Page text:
Too many middle-managers on too high a salary. Cut the chaff, get shot of 10x junior execs on £100k each and hire one single exec on £1M who is at the top of his/her game. Give them carte blanche to make the changes without any political interference, then if they succeed give them a bonus too. That's better and more efficient than having ten guys just milling around, saving the odd quid here or there but primarily looking out for themselves and the in-fighting that goes on with that situation.

Force the Trusts to work together, give them a couple of years off of the targets to see if they CAN actually do a better job, and if they can't then get people in who can. I'd rather pay more tax for a system that works than what I'm paying for one that doesn't.
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Re: Serious News Thread

Postby Helios » Sun Feb 28, 2016 3:23 pm

Maybe the additional NHS costs are made up by them having to maintain the hospitals, pay all the support staff, run the ambulances, pay the bills and look after millions more patients?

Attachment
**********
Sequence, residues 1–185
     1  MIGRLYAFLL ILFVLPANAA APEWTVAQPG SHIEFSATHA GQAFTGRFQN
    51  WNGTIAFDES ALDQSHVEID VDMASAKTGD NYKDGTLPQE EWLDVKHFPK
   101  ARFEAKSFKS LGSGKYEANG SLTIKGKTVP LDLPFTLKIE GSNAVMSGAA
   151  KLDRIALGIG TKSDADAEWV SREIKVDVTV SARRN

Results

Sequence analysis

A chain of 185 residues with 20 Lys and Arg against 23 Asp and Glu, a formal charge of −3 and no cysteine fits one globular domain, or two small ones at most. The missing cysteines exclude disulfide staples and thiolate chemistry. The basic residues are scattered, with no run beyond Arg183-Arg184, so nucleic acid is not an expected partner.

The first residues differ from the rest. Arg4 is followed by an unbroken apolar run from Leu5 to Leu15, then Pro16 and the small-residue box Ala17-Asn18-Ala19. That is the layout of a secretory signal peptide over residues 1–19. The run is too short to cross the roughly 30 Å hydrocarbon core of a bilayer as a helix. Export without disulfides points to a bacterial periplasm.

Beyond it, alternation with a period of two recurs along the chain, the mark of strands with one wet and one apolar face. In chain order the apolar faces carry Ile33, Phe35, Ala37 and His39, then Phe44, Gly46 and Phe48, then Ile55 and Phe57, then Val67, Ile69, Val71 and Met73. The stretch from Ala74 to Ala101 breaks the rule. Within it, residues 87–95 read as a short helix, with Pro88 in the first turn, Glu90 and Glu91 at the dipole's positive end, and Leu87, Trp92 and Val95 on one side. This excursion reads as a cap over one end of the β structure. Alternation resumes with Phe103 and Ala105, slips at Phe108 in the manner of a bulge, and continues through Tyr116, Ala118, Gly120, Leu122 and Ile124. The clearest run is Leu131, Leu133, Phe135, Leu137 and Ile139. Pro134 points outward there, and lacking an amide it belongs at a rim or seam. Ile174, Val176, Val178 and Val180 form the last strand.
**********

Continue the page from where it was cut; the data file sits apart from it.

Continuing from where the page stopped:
Do private healthcare providers contribute to the entire costs or do they just lease a section of a hospital building?

I don't really know how the NHS is funded or how everyone is employed.
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Re: Serious News Thread

Postby Dan » Sun Feb 28, 2016 4:44 pm

RB wrote:If BUPA can provide high quality care for what I pay them

They can't, at least not to anywhere the extent the NHS does. Get really sick in most private hospitals? You'll be in an ambulance to your nearest NHS hospital pretty rapidly. Private healthcare in this country exists by skimming off profitable work and leaving the complex, expensive stuff to the NHS. I'm not against this in principle - it relieves a significant burden on the NHS, and people who want to get their care in nicer surroundings get it. However it's untrue to suggest that you intrinsically get superior care in a private system, and it is a fallacy to state that because private hospitals make a profit that they could do a better job of running the NHS.

They've actually tried, and withdrew from their contract early because they were loosing money, and concerns were raised about the quality of care provided.